I usually try to shoot my panoramas in vertical orientation most of the time, and allow at least 1/3 to 1/2 the frame overlap. It’s always best to shoot more than you need, as there’s nothing worse than having gaps in your mosaic and having to throw away a potentially great image. You want enough around the edges to be able to crop and warp later.
For this image, I originally thought 5 or 6 frames would cover it and captured some in landscape orientation, but when I stitched those together it was horrible – nowhere near enough coverage. Luckily though, I was able to use images from the same time that I didn’t originally plan for the mosaic. Auto Pano Pro was clever enough to take all of my frames and make something of them.
So in the end I captured 13 panels, all with the same settings – ISO3200, 30s exposures, f/2.8, 14mm.
All 13 images, straight out of the camera
The screenshot above shows the single images I captured, pretty much straight out of the camera and exported from LR as TIF.
I import my images into Lightroom for categorisation, ranking and initial post-processing. Usually that’s a little noise reduction, saturation boost and applying the lens profile for the Samyang 14mm to remove some of the distortion. I then export the 13 panels as full-size TIF’s.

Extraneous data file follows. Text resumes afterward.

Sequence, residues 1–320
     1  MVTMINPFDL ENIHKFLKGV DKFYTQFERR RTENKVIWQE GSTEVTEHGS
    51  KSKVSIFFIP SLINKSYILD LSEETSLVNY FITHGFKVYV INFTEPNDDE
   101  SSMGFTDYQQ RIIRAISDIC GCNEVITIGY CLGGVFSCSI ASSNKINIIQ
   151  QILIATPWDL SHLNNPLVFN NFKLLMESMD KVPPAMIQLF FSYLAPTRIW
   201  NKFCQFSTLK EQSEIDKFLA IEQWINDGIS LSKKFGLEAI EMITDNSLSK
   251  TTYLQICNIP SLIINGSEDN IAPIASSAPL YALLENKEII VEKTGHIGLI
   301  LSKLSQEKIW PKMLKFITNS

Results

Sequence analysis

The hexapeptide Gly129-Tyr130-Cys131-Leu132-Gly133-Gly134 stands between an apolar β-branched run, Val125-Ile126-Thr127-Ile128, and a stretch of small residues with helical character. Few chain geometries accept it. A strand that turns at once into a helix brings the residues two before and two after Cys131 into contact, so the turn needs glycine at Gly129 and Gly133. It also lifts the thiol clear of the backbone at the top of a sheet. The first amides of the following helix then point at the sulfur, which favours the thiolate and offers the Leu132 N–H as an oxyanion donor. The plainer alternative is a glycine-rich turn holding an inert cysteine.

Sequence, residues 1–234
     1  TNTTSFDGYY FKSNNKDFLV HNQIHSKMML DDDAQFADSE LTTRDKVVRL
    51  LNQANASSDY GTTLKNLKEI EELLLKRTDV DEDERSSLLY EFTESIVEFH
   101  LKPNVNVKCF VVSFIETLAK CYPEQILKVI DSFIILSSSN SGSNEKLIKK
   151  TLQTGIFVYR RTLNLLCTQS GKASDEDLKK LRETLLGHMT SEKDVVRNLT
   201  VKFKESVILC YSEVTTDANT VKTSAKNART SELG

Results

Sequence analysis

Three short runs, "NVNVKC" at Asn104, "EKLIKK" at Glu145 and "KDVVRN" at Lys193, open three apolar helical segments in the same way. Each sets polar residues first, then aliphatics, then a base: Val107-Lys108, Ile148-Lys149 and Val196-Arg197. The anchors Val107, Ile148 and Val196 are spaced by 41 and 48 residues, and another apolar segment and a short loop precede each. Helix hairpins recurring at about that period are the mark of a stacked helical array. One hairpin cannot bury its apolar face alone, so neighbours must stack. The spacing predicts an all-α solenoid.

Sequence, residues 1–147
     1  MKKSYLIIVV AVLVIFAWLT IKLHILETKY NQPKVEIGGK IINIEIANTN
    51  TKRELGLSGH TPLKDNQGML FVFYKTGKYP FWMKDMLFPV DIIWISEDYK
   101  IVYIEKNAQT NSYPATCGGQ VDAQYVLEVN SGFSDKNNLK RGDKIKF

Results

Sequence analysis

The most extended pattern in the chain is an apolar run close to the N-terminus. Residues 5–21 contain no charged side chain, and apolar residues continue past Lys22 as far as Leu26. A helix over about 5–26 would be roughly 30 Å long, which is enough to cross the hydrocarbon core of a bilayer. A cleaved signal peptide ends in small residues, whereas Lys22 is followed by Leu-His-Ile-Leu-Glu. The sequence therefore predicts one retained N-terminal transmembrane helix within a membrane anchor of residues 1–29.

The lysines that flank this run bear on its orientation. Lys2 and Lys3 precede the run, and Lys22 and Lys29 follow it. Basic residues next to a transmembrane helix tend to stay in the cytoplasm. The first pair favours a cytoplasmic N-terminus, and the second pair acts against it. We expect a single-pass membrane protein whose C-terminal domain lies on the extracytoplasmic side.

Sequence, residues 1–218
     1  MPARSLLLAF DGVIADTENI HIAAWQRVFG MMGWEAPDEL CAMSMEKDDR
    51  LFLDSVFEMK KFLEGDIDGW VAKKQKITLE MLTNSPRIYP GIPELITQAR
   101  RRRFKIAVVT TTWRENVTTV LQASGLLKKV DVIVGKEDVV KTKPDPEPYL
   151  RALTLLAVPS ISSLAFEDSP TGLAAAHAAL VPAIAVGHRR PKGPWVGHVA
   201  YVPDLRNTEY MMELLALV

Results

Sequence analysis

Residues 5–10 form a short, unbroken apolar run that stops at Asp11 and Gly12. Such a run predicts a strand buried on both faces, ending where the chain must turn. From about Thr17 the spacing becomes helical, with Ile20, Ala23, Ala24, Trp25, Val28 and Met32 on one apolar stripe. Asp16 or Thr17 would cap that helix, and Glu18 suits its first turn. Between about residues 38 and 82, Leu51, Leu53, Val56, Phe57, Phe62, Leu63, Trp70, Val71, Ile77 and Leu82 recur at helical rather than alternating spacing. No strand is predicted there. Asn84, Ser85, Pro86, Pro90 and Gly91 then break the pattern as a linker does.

I use AutoPano Pro for stitching my panoramas – it’s a great piece of software, really easy to use, handles all of my panoramas seamlessly and is good value at only 99 Euros.
I use default settings with cylindrical projection in most cases. I save the panorama as a 16-bit TIF, which I then import back into Lightroom or Photoshop.
The initial panorama creation in AutoPano Pro. You can see it really needs some work!
My post-processing of the panorama involved the following steps:
1. Noise reduction
I use Topaz DeNoise photoshop plugin, with the RAW medium or RAW light setting depending on the image. I find it does a great job at reducing the noise of high ISO shots while still retaining star and foreground detail.
I simply apply the noise reduction to the background layer.
2. Straighten the panorama, crop
In most cases, the panorama will come out distorted and unless you crop out huge amounts of your photo, you need to apply some warping to get the horizon straight. Because of the wide field of view, this will result in the milky way being curved like a rainbow across the sky.
I increased the canvas size to allow some stretching and cropped the top